2. A button that will start the smelting process after you have selected which ingot you want to make.
  3. A console with a Hash display chip inside of it. You need to configure the console using a DataDisk to read the Hash IC. NOT the furnace.
  4. Optional Console should have a Gas display chip inside of it and configured using a DataDisk to read the furnace Pressure or Temperature.
  5. Optional Console should have a Gas display chip inside of it and configured using a DataDisk to read the furnace Pressure or Temperature.
  6. Hash IC This IC will control the dial, the button, and the Hash Console which should be set to read its value as mentioned before. the pins on this IC should be as follow:

  • d0 Dial
  • d1 Button
  • d2 FurnaceControlIC (the other IC)


7. Furnace Control IC This IC will control the pumps and the other furnace operations. the pins on this IC should be as follow:

  • d0 Advanced Furnace
  • d1 Coolant Pump
  • d2 Fuel Pump
  • d3 Hash IC (the other IC)
  • d4 Dial.


Load up the codes on the relevant IC’s and you are done.

Example world savefile:

Note: You might need to adjust the setting for the coolant and or the fuel pumps depending on the coolant and its temperature. this build will work with any gas that is not H2 or O2 and at any temperature. but depending on those values you might need to adjust the setting of the coolant pump if it’s very slow to cool down or so fast that it over shots the target.

How to Operate

Rotate the dial to cycle through the ingots types, when the hash display is showing you the ingot that you want to make load up the input with ores for that ingot and hit the button. Then just wait for the furnace to spit out your ingot when it is ready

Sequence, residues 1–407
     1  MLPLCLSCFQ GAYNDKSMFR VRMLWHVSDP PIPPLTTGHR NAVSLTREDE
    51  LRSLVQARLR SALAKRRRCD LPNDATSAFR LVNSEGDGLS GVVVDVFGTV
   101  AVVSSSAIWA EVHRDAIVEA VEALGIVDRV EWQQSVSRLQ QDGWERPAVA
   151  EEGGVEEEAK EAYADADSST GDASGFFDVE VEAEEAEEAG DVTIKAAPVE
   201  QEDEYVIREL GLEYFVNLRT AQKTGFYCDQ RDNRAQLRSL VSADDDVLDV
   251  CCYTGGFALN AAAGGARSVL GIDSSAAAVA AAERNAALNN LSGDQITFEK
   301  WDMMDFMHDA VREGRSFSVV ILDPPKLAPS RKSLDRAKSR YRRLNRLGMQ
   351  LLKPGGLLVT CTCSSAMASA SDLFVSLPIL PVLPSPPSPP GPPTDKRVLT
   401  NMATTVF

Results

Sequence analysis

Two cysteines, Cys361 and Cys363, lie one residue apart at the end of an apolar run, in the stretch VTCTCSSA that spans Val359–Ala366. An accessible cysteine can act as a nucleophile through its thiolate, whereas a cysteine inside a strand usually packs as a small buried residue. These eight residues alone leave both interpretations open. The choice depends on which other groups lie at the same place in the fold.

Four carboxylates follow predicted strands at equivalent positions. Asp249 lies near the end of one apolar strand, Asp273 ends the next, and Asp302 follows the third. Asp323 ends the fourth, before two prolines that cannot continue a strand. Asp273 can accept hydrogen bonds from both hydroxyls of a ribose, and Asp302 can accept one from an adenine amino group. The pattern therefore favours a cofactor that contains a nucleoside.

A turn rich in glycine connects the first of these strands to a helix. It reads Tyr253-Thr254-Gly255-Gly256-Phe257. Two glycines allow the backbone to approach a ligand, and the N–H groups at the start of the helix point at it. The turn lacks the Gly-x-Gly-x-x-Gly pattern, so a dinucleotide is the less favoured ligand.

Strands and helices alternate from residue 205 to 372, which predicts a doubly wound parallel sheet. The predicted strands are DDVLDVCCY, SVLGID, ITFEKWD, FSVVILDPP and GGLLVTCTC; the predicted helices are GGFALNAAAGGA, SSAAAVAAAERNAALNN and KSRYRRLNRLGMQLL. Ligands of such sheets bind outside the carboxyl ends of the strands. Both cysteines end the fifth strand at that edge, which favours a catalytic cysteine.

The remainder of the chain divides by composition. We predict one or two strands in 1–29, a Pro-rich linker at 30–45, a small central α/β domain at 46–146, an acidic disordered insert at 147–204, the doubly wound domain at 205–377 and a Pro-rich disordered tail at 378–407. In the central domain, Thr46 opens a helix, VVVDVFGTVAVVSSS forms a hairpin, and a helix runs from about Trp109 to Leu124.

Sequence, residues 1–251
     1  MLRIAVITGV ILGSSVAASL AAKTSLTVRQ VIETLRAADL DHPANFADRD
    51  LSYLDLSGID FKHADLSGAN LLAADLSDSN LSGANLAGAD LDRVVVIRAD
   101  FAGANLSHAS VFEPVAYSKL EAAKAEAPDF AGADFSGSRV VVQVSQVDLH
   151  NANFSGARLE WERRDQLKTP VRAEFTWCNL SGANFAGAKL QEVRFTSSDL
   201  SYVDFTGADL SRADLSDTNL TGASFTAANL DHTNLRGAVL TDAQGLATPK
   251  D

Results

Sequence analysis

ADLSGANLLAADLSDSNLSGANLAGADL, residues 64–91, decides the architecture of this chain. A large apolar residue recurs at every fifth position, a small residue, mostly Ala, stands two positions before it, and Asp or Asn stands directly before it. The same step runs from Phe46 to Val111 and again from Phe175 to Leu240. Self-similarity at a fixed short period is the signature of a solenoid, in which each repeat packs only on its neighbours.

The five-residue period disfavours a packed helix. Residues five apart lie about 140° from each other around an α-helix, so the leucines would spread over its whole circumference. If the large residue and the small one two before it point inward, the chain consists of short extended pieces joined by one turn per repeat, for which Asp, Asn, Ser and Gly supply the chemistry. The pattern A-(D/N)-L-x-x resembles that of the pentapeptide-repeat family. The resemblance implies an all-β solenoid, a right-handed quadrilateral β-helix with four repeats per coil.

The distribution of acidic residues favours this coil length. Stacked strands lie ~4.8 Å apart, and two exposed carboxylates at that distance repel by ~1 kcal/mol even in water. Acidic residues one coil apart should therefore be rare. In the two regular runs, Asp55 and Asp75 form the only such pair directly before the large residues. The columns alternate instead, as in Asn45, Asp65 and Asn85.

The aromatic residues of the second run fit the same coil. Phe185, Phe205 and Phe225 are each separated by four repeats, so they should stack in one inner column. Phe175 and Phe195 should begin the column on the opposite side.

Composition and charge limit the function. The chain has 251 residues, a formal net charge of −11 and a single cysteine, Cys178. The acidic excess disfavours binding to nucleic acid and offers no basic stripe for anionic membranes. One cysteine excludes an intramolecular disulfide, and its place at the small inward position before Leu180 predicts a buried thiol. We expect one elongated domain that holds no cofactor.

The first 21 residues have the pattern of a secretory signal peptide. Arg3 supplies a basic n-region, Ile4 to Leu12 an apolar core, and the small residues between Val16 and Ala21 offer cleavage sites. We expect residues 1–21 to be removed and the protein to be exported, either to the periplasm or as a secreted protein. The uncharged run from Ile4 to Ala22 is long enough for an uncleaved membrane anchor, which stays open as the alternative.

I made a special case for all the basic ingots to cut down on cycling, if you need to make any basic ingots like Iron, Gold, Silicon..etc. Then you always want to cycle and use the first option which is Iron for all of them. once you’re done smelting the furnace will not spit those out for you, you have to manually pull the lever to get them out once they are done smelting.

The reason being is that you would need to use the furnace as a quick way to smelt basic ingots in large quantities so having the first setting active on the furnace will keep the furnace over 900 degrees and the pressure below 50000.

The lever acts as a hard rest if you pull it manually it will abort the current operation and reset the furnace.

End Notes

This is by no means the only way to automate an advanced furnace, this system can be expanded upon greatly by adding notification lights and sorting systems, and such. This however in my opinion is one of the simplest ways of doing so.

Volodymyr Azimoff
About Volodymyr Azimoff 13600 Articles
I love games and I live games. Video games are my passion, my hobby and my job. My experience with games started back in 1994 with the Metal Mutant game on ZX Spectrum computer. And since then, I’ve been playing on anything from consoles, to mobile devices. My first official job in the game industry started back in 2005, and I'm still doing what I love to do.